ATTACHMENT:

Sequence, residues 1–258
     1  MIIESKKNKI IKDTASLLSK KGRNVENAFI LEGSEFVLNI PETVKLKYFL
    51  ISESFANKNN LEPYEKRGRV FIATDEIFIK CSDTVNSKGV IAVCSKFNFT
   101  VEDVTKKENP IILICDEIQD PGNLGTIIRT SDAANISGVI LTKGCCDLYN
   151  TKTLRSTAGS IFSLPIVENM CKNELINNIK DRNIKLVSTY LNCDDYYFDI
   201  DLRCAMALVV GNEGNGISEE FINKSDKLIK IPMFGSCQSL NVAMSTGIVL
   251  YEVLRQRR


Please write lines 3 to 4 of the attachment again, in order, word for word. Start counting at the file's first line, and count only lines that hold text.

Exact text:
    51  ISESFANKNN LEPYEKRGRV FIATDEIFIK CSDTVNSKGV IAVCSKFNFT
   101  VEDVTKKENP IILICDEIQD PGNLGTIIRT SDAANISGVI LTKGCCDLYN